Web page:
On February 14, 2001, the Heads of Government of a number of States in the Caribbean region, including Jamaica, signed an Agreement Establishing the Caribbean Court of Justice. This Agreement was, in due course, ratified by Jamaica and a sufficient number of other countries to be formally in existence, although it has not yet come into operation.
By this Agreement, the signatory States undertook to enact the necessary legislation in their respective territories so as to vest the Court with:
An Appellate Jurisdiction to make the Court the final Appellate Tribunal for those member states whose legal systems are based on the common law.
An original jurisdiction relating to trade disputes arising out of the establishment of the CARICOM Single Market and Economy; and
With a view to fulfilling our Treaty Obligations, the government introduced in Parliament and duly enacted the following Bills:
An Act to Amend the Constitution of Jamaica so as to abolish the right of appeal to Her Majesty in Council and substitute the Caribbean Court of Justice as our Final Court of Appeal.
An Act to make the Caribbean Court of Justice part of our judicial system so that its decisions could be enforced under our law.
An Act to Amend the Judicature (Appellate Jurisdiction) Act so as to bring criminal appeals within the purview of that Court.
As members are aware, litigation challenging the process that was adopted for the passage of these Bills through Parliament was commenced by a number of Claimants headed by the then Leader of the Opposition, the Jamaica Council for Human Rights, the Jamaica Bar Association, Jamaicans for Justice and Mrs. Leonie Marshall.
The actions were brought in the Supreme Court while the Bills had yet to be considered by Parliament. The Full Court struck out the proceedings as premature.
It held that any challenge should be made after and not before enactment of the legislation.
In the Court of Appeal the merits of the arguments were heard but rejected for reasons given in the judgements delivered in July 2004.
The claimants appealed to the Judiciary Committee and the Privy Council..
As Member States are aware, the Board decided that the appeal should be allowed as the Acts “were not passed in accordance with the procedure required by Constitution”.
Mr. Speaker, in as much as the result of the litigation negates legislation passed by Parliament, I have a duty to state in this House and for the record exactly what the Court decided, and the reasons given in so far as they are relevant to any future action which this House may decide to take in respect of our final Court of Appeal.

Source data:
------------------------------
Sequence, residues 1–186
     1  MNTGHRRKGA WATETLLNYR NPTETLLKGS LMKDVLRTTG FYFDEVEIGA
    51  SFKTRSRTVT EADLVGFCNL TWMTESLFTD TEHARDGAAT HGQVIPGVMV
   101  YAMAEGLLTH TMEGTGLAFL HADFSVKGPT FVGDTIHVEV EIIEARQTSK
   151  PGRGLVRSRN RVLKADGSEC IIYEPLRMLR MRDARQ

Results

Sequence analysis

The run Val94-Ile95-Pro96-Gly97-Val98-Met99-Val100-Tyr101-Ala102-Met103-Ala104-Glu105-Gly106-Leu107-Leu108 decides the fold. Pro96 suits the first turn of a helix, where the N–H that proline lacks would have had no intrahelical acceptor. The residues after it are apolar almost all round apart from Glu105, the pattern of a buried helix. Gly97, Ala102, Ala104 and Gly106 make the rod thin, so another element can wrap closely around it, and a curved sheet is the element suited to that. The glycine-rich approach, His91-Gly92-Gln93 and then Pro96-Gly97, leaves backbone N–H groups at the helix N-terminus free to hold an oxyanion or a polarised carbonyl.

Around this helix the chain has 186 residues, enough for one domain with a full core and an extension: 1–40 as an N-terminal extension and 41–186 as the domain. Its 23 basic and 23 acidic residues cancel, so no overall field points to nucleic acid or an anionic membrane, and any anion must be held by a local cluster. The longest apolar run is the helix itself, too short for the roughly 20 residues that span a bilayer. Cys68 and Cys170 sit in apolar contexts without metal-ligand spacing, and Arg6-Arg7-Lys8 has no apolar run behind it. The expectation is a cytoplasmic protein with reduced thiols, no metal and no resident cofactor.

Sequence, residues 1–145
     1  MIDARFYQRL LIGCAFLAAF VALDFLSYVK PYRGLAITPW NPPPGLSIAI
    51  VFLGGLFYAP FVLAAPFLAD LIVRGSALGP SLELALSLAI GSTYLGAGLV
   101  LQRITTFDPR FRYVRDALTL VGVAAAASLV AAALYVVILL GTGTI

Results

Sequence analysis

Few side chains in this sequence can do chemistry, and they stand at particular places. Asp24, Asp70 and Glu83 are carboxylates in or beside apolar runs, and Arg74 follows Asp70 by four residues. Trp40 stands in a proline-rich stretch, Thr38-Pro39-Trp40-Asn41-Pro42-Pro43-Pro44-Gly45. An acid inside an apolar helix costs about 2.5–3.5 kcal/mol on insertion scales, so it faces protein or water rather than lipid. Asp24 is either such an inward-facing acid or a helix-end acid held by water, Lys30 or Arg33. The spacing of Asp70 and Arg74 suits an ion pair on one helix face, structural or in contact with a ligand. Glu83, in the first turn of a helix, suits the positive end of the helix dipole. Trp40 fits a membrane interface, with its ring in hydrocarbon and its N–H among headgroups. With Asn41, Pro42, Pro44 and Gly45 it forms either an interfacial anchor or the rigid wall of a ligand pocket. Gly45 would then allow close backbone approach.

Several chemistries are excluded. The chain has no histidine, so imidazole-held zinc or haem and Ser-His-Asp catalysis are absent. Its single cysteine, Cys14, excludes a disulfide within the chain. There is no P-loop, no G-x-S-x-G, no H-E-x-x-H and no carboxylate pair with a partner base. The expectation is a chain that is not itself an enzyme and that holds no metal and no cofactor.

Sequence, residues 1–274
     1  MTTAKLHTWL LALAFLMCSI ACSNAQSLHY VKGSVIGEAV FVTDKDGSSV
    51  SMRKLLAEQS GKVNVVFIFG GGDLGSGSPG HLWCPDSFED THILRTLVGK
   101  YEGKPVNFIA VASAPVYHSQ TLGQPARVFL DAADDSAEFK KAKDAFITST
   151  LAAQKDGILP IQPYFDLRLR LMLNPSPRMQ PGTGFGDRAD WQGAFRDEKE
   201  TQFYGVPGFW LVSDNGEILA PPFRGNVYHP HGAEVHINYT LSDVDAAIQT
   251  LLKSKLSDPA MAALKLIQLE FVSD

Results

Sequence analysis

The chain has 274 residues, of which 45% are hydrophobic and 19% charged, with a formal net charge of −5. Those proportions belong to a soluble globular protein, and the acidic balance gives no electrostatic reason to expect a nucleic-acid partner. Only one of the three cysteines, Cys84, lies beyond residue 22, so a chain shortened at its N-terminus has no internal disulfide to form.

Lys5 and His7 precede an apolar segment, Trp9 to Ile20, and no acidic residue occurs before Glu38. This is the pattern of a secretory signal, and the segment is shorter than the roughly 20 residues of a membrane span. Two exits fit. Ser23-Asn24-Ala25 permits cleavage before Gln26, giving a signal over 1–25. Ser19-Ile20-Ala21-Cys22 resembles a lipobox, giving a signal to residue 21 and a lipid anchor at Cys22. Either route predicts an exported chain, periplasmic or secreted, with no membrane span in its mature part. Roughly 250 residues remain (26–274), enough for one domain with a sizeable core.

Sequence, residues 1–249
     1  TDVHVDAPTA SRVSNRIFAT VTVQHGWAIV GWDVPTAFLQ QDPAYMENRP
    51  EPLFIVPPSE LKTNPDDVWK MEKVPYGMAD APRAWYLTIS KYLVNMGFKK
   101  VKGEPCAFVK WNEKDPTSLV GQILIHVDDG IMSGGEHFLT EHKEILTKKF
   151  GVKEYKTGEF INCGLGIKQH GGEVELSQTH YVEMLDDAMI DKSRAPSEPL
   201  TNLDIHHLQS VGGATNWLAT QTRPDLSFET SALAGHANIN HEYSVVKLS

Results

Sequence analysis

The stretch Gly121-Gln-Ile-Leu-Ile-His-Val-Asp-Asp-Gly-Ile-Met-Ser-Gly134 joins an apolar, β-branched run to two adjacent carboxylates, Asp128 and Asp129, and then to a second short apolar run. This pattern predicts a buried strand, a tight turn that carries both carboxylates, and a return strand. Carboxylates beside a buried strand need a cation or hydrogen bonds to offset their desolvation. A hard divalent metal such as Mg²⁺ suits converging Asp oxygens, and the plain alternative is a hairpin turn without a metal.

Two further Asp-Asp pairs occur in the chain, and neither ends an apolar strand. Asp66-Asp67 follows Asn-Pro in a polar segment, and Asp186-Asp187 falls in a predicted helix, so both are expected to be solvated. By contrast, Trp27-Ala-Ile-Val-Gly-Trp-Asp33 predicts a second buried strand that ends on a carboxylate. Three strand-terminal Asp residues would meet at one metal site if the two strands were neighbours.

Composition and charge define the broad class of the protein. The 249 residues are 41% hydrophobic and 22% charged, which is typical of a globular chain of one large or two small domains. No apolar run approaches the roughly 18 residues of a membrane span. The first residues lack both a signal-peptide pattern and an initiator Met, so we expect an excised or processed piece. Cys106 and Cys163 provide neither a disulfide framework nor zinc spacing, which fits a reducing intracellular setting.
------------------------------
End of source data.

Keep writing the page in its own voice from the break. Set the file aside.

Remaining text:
These will also determine how we proceed and what future action is required to fulfil our Treaty obligations.
The framers of the Constitution never envisaged that the Privy Council would continue to be our final Appellate Tribunal in perpetuity, that is why they deliberately did not entrench the Final Right of Appeal to that body. While it is true, as the Privy Council did not in its judgment say that it was within the competence of the framers of the Constitution to “have entrenched the independence of the members of the Judicial Committee had they wanted to do so”, it is nevertheless a fact that it was within their competence to entrench the right of appeals as other Caribbean countries do. They expressly refused to do so.
The conclusion is that this judgment confirms that the Jamaican Parliament is competent to abolish appeals to the Privy Council by the affirmative vote of a majority of all the member of the House and the Senate.
It had been hotly contended that this could not be done and, in particular, that the prerogative right to petition Her Majesty could not have been accomplished by that process. It had even been suggested that so long as we retain Her Majesty as Head of State, appeals to the Privy Council could not be totally abolished. That has now been put to rest.
There is, in addition, an historical underpinning to the finding of the Privy Council the framers of the Constitution, by not entrenching in the Constitution the right to appeal to the Privy Council, were sending a clear signal that that court was not to be our final appellate tribunal in perpetuity.
A second and important ruling made by the Privy Council was that, even though “there could have been no objection to legislation supported by a majority of members of each House of Parliament which simply abolished the right of appeal to Her Majesty”, that procedure could not be adopted if Parliament wished to substitute another Court as our final Court of appeal.